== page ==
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Jack Dorsey is stepping down as the CEO of Twitter, which he co-founded. Here he's shown at a bitcoin convention in June. Joe Raedle/Getty Images hide caption

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Joe Raedle/Getty Images

Jack Dorsey steps down as Twitter CEO; Parag Agrawal succeeds him

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Elizabeth Holmes walks into federal court in San Jose, Calif., on Monday. Holmes is accused of duping elite financial backers, customers and patients into believing that her startup was about to revolutionize medicine. Nic Coury/AP hide caption

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Nic Coury/AP

Ex-Theranos CEO Elizabeth Holmes takes the witness stand in her fraud trial

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Community clinics say the easing of restrictions on telehealth during the pandemic has made it possible for health workers to connect with hard-to-reach patients via a phone call — people who are poor, elderly or live in remote areas, and don't have access to a computer or cellphone with video capability. Silke Enkelmann/EyeEm/Getty Images hide caption

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Silke Enkelmann/EyeEm/Getty Images

Voice-only telehealth may go away with pandemic rules expiring

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The Duck Valley Indian Reservation is home to the Shoshone-Paiute Tribes and comprises about 450 square miles along the Idaho/Nevada border. Only one power line goes into it, shown here along Highway 51. Kyle Green for NPR hide caption

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Kyle Green for NPR

Life without reliable internet remains a daily struggle for millions of Americans

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Web3, short for web 3.0, is a vision of the future of the Internet in which people operate on decentralized, quasi-anonymous platforms, rather than depend on tech giants like Google, Facebook and Twitter. Ani_Ka/Getty Images hide caption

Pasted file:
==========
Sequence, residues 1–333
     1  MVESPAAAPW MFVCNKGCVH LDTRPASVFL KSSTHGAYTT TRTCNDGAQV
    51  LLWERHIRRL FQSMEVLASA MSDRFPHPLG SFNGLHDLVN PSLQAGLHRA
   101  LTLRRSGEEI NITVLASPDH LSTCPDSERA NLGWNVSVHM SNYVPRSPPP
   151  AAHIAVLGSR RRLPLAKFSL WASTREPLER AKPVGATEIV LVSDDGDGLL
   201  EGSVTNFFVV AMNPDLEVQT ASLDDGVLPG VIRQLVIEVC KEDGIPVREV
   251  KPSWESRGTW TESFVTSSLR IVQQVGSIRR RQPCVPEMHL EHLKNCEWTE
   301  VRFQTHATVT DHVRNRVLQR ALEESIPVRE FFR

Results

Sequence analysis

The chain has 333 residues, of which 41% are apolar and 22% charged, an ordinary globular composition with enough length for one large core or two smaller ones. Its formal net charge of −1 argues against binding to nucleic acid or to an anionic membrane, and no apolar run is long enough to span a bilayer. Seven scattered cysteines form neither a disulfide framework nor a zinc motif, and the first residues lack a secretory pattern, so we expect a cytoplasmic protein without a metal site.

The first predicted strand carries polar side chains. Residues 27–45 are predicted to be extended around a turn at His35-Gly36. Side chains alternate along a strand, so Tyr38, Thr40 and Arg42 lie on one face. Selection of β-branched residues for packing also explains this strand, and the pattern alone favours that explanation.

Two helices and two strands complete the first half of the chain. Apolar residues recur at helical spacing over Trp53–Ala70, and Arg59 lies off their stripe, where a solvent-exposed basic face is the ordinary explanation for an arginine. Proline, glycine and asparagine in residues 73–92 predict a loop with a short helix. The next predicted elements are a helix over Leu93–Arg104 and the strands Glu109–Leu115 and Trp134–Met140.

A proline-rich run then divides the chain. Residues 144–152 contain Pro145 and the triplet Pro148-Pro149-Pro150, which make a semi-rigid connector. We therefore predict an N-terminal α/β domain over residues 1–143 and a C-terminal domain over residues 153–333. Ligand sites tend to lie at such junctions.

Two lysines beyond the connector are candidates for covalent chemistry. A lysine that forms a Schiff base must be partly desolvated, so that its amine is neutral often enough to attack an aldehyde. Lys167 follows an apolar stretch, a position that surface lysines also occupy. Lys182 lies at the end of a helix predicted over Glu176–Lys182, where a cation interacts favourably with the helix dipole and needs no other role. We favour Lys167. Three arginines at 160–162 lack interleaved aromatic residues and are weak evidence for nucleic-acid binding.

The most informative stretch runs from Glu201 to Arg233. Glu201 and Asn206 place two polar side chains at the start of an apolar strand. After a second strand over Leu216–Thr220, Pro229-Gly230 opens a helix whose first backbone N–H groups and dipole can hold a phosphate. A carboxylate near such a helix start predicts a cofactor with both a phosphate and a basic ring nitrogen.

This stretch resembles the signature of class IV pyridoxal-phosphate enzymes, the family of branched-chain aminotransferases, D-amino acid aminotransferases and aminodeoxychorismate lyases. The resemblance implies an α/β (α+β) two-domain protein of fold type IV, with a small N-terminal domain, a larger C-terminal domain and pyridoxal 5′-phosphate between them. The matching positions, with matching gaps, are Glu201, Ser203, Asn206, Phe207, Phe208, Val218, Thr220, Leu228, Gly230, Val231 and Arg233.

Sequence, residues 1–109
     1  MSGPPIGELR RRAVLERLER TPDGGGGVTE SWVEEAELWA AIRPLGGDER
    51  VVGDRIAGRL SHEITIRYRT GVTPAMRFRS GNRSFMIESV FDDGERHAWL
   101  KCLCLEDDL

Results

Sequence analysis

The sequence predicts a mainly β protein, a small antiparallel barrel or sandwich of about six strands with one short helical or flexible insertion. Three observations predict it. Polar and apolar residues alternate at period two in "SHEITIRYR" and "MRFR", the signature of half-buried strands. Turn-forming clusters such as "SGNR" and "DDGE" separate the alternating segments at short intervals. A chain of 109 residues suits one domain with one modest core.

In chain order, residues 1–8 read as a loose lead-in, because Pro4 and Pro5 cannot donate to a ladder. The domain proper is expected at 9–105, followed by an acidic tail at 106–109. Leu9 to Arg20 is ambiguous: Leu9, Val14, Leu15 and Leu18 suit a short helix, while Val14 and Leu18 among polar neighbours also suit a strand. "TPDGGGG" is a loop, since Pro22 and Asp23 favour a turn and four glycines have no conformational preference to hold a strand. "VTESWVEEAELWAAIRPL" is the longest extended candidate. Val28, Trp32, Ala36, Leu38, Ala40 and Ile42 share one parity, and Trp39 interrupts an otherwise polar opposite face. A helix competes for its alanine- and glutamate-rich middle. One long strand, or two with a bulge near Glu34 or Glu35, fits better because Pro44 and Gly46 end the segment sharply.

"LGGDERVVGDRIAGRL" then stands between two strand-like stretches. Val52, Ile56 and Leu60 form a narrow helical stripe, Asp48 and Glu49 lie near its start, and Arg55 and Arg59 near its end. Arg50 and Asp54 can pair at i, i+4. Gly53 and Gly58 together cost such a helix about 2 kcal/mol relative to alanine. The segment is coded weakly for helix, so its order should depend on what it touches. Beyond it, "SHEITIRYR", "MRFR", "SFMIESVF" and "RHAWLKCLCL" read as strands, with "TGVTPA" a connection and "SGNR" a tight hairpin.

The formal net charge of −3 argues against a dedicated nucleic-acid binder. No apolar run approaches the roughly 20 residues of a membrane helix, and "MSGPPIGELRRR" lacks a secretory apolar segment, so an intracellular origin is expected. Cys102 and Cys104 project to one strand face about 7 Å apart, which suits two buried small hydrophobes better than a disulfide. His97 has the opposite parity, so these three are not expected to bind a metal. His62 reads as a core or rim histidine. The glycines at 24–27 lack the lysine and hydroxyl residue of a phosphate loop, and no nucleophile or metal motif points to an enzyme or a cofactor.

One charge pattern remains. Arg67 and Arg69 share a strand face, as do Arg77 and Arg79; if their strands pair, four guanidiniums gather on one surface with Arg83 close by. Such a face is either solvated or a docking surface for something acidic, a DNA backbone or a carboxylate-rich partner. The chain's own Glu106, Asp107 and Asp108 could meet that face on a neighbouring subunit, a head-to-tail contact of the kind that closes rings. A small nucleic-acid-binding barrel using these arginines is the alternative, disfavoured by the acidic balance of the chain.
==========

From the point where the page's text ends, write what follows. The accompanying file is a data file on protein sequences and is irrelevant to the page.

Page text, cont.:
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Ani_Ka/Getty Images

People are talking about Web3. Is it the Internet of the future or just a buzzword?

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Tesla drivers can unlock and start their vehicle from the smart phones, which became problematic when the app refused to work Friday. (Photo by Carsten Koall/Getty Images) Carsten Koall/Getty Images hide caption

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Buy now, pay later and online returns are just a couple of the hidden costs of holiday shopping. the_burtons/Getty Images hide caption

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the_burtons/Getty Images

The hidden costs of holiday consumerism

A lot of consumers are worried about supply chain delays this holiday season — but there are also other issues to watch out for when shopping. Guest host Ayesha Rascoe talks about the hidden costs of holiday consumption with The Atlantic staff writer Amanda Mull and The Washington Post retail reporter Abha Bhattarai. They discuss the potential downfalls of buy now, pay later services and where online shopping returns really go. Then, they play a game of Who Said That?

The hidden costs of holiday consumerism

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Sea levels in Guyana are rising several times faster than the global average. High tides sometimes spill over the seawall that is meant to protect the coastline. Ryan Kellman/NPR hide caption

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Ryan Kellman/NPR

Two Sides Of Guyana: A Green Champion And An Oil Producer

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Meta CEO Mark Zuckerberg envisions a future where people work and play in virtual reality in an online space called the metaverse. Facebook hide caption

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Facebook

The metaverse is already here. The debate now is over who should own it

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People shop at the Fifth Avenue Apple Store in September in New York City. Apple says customers who want to repair their own devices will be able to buy the parts and tools to do so for certain products starting early next year. Spencer Platt/Getty Images hide caption

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Climate Pledge Arena in Seattle asks fans to prove their vaccination status with the CLEAR Health Pass app Martin Kaste/Martin Kaste hide caption

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Martin Kaste/Martin Kaste

There's an app to help prove vax status, but experts say choose wisely

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Internet access has always been a problem for Faylene Begay, a single mother of four living on the Navajo reservation in Arizona. Elissa Nadworny/NPR hide caption

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Elissa Nadworny/NPR

Students are still struggling to get internet. The infrastructure law could help

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Delegates attend the COP26 UN Climate Change Conference in Glasgow, Scotland Oli Scarff/AFP via Getty Images hide caption

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Oli Scarff/AFP via Getty Images

These researchers are trying to stop misinformation from derailing climate progress

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